It’s been a long 10 months since our indiscretion with a bridge on the Cheviot Keith Knox Rally, and in that time the little Ford Puma has undergone quite a transformation.
The priority was to fix the damage inflicted by the bridge, which involved a new wishbone, track rod, track rod end, front wing, door and rear quarter. A donor car was bought to provide the wing, door and quarter, but unfortunately it was red. Not to worry, the team at Performance North-East soon had the Puma back in one colour and looking great. Some new stickers from our sponsor, Ford Parts, finished the job nicely.
Whilst the car was off the road for so long, we decided it was a good time to fit some parts which we had been collecting for a while. These included Alcon 4 pot brakes, paired with Performance Friction Brakes 295mmx28mm 2 piece grooved discs, 08 compound pads and RH665 fluid, all provided by Alyn at AS Performance. The brake bells were made up by Bob at Specialist Services and he did an excellent job, everything lined up perfectly first time. In order to get everything to fit behind the 15″ wheels we also fitted some 20mm aluminium wheel spacers and extended studs, along with new wheel bearings while we were at it.
To compliment the new brakes, a Puma specific Compbrake Motorsport bias pedal box was fitted alongside AP Racing master cylinders and remote fluid reservoirs. Once again Alyn at AS Performance acquired all of the fittings and lines from Torques that we needed to pipe everything together.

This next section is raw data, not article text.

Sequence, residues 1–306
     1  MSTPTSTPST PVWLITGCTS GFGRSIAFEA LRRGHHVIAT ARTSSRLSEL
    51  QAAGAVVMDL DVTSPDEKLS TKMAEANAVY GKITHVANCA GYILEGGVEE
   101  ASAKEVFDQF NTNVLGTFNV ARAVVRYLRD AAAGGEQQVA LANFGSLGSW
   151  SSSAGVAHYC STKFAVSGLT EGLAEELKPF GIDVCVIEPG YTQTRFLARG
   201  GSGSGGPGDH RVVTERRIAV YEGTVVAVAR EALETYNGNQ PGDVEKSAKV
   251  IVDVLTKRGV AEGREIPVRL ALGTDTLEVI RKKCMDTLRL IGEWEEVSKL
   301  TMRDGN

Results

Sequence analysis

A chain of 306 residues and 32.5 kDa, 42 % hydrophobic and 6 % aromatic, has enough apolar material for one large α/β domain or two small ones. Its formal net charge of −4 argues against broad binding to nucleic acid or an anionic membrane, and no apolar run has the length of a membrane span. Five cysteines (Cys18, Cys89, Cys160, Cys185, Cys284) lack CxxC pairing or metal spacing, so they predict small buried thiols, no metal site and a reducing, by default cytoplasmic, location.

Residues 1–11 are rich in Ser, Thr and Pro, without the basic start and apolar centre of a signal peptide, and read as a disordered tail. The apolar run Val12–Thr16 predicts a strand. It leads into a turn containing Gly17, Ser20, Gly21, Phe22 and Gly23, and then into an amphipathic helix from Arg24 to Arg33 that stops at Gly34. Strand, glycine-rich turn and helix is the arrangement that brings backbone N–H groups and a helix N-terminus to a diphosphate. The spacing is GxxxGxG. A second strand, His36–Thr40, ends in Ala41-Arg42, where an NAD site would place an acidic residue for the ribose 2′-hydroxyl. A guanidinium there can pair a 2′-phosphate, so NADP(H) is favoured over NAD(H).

The icing on the cake was bolting a set of Jenvey 42mm direct to head individual throttle bodies, with PH2 Newman Cams and an Omex Technology 600 ECU to the Ford Zetec SE 1600cc engine. After a session on the rolling road the Puma came out with 130bhp, 32bhp more than the standard engines 98bhp, and 120lb/ft of torque from 2000rpm all the way to 7000rpm. Whilst the power figure wasn’t as high as we had expected, the engine was very drivable and a definite improvement on the old 1700cc. We expect there will be more power to come from the engine in the coming months once a few issues have been addressed.
A couple of smaller additions to the car were a roof vent and bonnet vent, painted of course in the customary luminous green.
Having said all of this, it had been 10 months since Gary had last driven a car competitively, and the car was now very different from previously, and mostly untested due to the tight timescale involved in preparing for the rally. Needless to say, there was quite a bit of apprehension sitting on the start line of SS1.
As we entered the first braking zone, the feedback from the new brakes was good and Gary felt that given a couple of stages the trust and confidence in the brakes would be back to where we left off 10 months ago, however for the first 2 stages the brakes weren’t pushed too hard, just incase!